UK Court imposes 12-year bankruptcy restriction on mastermind of failed £8.5m spread betting scheme
Stuart Carl Mudge solicited more than £8.5 million from investors who put their money in the Churchgate Trading Syndicate.
The County Court at Cardiff has given a 12-year bankruptcy restriction to a man who run a failed £8.5 million spread betting scheme.
According to an announcement issued by the UK Insolvency Service today, Stuart Carl Mudge, had obtained more than £8.5 million from investors for the Churchgate Trading Syndicate. The fraudulent activities lasted between June 2009 and February 2012.
An investigation by a specialist team at the Insolvency Service found that investors were lured with promises of ‘guaranteed’ returns of 15% every quarter and were told their money would be used to trade spread bets. The Official Receiver’s investigation found that in addition to acting in breach of the Financial Services and Markets Act 2000, the capital and interest repaid to investors was paid out of the capital payments made by other investors. This gave the misleading impression that the trading syndicate was generating such returns through trading whereas, in reality, it suffered significant losses though spread betting.
The Financial Services Authority (FSA), the predecessor of the Financial Conduct Authority (FCA), secured interim injunctions against Mr Mudge in February 2012, freezing his assets and preventing him from operating the scheme further.
Under a settlement reached in September 2013, Mr Mudge acknowledged that by running the syndicate without the necessary FCA authorisation, he violated the law. After that, the High Court ordered him to pay £7.01 million to the FCA to distribute to the affected investors. Mr Mudge, however, was made bankrupt after failing to pay any money to the FCA. The FCA managed to provide some return to the investors but they have suffered significant losses.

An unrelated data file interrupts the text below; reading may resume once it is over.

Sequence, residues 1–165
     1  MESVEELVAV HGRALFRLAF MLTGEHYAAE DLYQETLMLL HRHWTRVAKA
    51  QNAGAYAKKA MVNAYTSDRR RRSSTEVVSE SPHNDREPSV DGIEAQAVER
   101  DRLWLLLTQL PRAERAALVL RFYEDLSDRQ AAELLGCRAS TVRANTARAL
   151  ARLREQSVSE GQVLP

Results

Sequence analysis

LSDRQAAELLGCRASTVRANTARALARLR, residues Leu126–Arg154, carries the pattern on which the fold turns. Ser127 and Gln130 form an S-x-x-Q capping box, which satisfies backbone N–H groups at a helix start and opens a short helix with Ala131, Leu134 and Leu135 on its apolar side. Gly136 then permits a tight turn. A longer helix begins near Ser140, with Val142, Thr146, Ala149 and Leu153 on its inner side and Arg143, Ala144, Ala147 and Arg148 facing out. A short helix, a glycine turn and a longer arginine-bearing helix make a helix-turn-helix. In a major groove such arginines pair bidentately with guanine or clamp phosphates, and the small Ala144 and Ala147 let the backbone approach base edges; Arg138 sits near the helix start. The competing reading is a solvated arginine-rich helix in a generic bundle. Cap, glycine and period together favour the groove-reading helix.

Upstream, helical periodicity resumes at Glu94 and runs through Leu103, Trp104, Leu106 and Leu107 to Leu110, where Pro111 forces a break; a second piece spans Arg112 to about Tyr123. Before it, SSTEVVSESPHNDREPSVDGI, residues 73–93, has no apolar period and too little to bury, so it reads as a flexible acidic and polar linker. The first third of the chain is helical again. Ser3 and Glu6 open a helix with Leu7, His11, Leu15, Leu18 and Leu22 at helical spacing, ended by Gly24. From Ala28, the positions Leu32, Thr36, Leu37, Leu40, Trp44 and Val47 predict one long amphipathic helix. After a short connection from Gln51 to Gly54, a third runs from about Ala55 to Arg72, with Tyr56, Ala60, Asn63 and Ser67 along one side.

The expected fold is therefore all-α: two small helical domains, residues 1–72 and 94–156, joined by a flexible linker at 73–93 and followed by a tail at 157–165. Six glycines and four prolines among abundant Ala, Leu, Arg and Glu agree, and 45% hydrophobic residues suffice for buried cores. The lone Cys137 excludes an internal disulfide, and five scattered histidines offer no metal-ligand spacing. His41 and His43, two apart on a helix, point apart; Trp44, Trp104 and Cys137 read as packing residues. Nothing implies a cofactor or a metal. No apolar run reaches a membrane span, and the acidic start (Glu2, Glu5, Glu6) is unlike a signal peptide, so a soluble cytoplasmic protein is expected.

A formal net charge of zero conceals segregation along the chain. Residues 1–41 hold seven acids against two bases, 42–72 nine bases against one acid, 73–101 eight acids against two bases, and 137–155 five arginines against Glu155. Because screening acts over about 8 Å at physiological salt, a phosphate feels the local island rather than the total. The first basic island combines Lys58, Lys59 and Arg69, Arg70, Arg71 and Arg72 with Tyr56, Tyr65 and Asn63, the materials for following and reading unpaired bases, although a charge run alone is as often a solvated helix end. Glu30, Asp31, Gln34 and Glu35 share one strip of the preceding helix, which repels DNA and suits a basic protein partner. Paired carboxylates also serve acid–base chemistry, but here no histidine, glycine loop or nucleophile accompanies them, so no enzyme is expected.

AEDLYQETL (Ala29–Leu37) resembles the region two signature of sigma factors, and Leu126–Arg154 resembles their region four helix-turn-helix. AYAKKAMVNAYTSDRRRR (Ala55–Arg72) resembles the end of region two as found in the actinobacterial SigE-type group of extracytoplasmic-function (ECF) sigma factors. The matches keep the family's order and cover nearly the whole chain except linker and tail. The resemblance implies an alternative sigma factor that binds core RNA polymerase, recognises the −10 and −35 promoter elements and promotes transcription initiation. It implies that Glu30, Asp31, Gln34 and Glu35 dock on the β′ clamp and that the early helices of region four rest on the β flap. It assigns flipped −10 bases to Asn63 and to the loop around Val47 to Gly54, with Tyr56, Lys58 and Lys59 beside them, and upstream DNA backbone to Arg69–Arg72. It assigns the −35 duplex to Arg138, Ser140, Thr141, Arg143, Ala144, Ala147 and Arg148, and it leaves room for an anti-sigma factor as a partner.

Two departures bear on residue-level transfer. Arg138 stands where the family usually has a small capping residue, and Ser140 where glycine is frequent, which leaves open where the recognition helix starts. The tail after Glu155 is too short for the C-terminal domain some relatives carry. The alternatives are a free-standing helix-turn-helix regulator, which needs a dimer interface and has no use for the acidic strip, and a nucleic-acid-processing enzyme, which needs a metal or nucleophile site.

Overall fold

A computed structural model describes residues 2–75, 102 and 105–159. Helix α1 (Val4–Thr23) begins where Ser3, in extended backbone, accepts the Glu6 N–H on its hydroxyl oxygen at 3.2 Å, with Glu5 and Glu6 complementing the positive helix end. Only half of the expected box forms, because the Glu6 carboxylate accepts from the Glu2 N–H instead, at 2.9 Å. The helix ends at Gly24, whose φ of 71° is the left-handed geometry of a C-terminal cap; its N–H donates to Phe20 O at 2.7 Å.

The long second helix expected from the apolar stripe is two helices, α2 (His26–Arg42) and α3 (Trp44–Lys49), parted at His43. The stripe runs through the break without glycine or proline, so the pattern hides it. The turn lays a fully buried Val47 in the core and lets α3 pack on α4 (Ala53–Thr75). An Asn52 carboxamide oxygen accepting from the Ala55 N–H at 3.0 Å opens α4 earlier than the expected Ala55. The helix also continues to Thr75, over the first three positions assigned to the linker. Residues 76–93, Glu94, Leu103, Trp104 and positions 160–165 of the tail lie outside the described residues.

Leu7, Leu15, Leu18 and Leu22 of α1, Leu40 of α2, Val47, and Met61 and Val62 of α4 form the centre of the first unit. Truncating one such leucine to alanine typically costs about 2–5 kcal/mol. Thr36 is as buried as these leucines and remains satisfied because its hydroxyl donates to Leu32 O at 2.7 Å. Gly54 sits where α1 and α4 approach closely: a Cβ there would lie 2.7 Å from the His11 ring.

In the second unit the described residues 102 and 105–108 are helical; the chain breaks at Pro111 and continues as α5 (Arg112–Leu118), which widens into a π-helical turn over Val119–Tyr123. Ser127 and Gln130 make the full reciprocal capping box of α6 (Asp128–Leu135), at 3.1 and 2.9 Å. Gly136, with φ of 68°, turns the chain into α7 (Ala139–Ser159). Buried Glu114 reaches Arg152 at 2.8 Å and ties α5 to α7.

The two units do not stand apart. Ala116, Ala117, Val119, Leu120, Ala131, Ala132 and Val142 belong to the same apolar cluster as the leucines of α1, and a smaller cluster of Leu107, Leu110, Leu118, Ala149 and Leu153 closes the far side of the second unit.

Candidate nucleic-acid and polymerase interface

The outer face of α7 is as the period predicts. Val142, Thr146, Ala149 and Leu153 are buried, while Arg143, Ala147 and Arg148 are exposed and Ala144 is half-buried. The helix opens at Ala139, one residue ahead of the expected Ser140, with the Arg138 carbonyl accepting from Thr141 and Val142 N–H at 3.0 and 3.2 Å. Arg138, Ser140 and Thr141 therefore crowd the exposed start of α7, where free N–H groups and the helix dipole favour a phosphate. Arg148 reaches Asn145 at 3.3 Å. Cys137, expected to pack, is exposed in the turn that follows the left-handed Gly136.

Following his bankruptcy in December 2014, the Official Receiver further investigated Mr Mudge’s conduct – and this led to the imposition of the lengthy bankruptcy restriction.
Ken Beasley, Official Receiver at the Insolvency Service, commented:
This case is a prime example of the losses that can be incurred via an investment scheme that looks too good to be true.
Mark Stuart, executive director of enforcement and market oversight at the FCA, said:
Churchgate is one of several unauthorised spread betting schemes we’ve investigated where investors have lost large amounts of money. Spread betting on shares and currencies can be very risky, and it is illegal for someone to trade them in this way on behalf of investors without FCA approval.
The legal ruling means that Mr Mudge cannot promote, manage, or be a director of a limited company until February 2029. Further restrictions include that:
- he must disclose his status as a person subject to bankruptcy restrictions to a credit provider if he wishes to get credit of over £500;
- he may not act as an insolvency practitioner, or as the receiver or manager of the property of a company.